Switzerland cautions against escalating violence after attacks

The UN charter says the use of military force is justified only as an act of self-defence against an attack by another nation Keystone Archive

The Swiss government says it hopes there will be no escalation of violence as the United States prepares to retaliate for last week's terror attacks. A Swiss legal expert, meanwhile, says a US strike on Afghanistan would be illegal under international law.

This content was published on September 22, 2001 minutes

Bern stressed the important role to be played by the United Nations as the US builds up its military presence in the Gulf region.

To effectively fight terrorism, there has to be a lasting understanding between people and a reduction of economic disparities, said a government spokesman, Achille Casanova.

Despite Washington's determination to retaliate for last week's attacks, the UN has yet to give its approval, said Daniel Thürer, a professor of international relations at Zurich university.

Thürer told swissinfo that under the UN Charter, until the Security Council acts, either by ordering collective measures or approving US military plans to fight terrorism, any action would be in contravention of international law.

US President George W. Bush has vowed to "smoke out of their holes" those believed to be behind the September 11 attacks on New York and Washington.

Death toll passes 6,000

Three passenger planes slammed into the World Trade Centre and the Pentagon, while a fourth crashed in Pennsylvania. More than 6,000 are dead or missing in the most catastrophic terrorism attacks on America to date.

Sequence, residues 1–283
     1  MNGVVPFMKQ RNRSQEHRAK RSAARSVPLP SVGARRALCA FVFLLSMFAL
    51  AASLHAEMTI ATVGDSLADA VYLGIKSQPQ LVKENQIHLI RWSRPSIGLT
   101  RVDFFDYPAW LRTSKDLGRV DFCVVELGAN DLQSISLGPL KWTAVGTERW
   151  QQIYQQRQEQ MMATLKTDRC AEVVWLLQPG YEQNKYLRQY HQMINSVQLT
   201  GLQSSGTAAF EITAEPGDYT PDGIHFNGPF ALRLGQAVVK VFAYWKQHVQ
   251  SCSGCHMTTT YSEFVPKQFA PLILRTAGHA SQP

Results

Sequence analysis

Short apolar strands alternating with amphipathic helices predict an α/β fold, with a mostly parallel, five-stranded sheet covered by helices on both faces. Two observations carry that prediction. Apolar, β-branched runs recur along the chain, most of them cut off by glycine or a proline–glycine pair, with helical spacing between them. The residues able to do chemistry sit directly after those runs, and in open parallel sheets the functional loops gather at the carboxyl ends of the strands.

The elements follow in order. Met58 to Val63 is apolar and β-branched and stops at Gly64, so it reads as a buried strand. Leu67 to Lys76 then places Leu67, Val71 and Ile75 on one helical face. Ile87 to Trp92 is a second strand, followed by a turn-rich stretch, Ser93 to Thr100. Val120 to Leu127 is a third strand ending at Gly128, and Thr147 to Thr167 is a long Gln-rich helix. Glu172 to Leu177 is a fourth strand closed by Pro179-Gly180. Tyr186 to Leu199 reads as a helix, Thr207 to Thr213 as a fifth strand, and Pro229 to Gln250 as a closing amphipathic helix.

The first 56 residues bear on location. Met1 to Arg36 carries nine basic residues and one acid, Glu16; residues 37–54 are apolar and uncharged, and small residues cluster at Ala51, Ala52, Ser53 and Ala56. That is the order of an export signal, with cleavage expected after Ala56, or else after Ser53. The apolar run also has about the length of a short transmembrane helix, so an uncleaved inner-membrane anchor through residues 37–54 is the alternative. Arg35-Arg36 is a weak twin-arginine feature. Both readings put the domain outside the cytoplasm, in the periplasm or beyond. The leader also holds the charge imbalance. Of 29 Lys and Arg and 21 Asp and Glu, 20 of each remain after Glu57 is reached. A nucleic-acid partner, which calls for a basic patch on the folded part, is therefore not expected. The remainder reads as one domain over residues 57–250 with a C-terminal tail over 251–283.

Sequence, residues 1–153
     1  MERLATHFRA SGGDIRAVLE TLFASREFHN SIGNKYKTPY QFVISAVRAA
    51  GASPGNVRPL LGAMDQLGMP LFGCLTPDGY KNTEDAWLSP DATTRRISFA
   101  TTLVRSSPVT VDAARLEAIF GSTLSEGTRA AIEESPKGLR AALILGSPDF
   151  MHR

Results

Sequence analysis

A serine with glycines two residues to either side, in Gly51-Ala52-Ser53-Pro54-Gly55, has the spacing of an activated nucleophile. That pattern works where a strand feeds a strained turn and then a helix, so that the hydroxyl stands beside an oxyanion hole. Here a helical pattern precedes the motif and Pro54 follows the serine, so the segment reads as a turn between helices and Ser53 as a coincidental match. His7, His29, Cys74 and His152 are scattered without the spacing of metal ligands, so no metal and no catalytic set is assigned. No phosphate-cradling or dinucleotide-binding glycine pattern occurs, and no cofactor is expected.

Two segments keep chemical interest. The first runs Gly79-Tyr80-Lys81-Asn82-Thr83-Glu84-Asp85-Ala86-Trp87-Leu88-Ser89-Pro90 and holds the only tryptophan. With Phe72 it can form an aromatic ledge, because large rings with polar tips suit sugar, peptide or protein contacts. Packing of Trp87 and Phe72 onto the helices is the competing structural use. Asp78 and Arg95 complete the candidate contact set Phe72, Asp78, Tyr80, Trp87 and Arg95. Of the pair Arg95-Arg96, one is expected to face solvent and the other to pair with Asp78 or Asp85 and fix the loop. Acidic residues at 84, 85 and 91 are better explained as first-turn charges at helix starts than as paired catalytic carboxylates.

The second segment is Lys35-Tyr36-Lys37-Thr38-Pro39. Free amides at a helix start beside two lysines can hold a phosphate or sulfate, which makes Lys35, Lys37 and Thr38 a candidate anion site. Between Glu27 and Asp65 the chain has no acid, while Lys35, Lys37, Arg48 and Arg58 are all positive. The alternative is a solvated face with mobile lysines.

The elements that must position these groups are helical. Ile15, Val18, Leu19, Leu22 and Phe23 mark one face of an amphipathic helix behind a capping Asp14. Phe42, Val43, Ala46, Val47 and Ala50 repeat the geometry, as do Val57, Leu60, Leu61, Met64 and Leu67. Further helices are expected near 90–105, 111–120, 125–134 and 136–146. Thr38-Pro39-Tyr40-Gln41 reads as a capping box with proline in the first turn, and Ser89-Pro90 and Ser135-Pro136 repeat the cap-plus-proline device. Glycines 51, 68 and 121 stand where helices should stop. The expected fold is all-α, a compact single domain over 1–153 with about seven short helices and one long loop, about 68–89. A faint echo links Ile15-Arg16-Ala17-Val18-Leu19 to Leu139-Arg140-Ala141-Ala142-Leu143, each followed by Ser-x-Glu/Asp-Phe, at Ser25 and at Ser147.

Washington has named the Islamic militant, Osama bin Laden, as the prime suspect and is demanding that his host, Afghanistan, hand him over to face legal proceedings. In an address to Congress of Friday, Bush said America's war on terror would not end until the whole of the Al Qaeda network of Islamic militants, headed by bin Laden, was found and defeated.

The ruling Taliban has refused to extradite the Saudi dissident and said it would only ask him to leave if there was evidence of his involvement in the assaults on America.

Bush has issued the country's leaders an ultimatum and warned that they risked the same punishment as those they shelter. Thousands of Aghans are fleeing the country in fear of possible retaliatory strikes.

The US president is attempting to garner a global coalition against terrorism but Thürer says it is too early to tell whether the UN Security Council would give it the green light to strike.

Crucial test

According to international law, until the Security Council has acted, each state has a right to self-defence, Thürer said. "The crucial question then is: was the US attacked by another state or is there the threat of an imminent attack which would give the US the right to react in a unilateral way without the authorisation of the Security Council?"

With Afghanistan, America could decide to retaliate but Afghanistan could also take the US to court. Washington would have to argue that their strikes were in self-defence.

"It's been done before," Thürer noted. Yugoslavia has taken several Nato allies to the UN's International Court of Justice at The Hague for their 1999 campaign to oust the former president, Slobodan Milosevic, from Kosovo.

In the event of a strike, Switzerland has urged that proportionate force be used and that it takes into account the civilian population. "Force can only be used in a proportionate way and the principles of humanitarian law must be observed," Thürer said.

Casanova said that no official request of aid had been received from Washington, but underlined that Switzerland was committed to joining the international fight against terrorism and would cooperate with the US.

The Bush administration is biding its time, warning the American people that their "war on terrorism" will be a long-term, sustained campaign. The fact that the Security Council voted one day after the attacks on America occurred in favour of resolution 1368 which condemns the assaults, may signal that formal authorisation is on the way.

Thürer noted that this could only be achieved once the political will was there.

by Samantha Tonkin and Sally Mules

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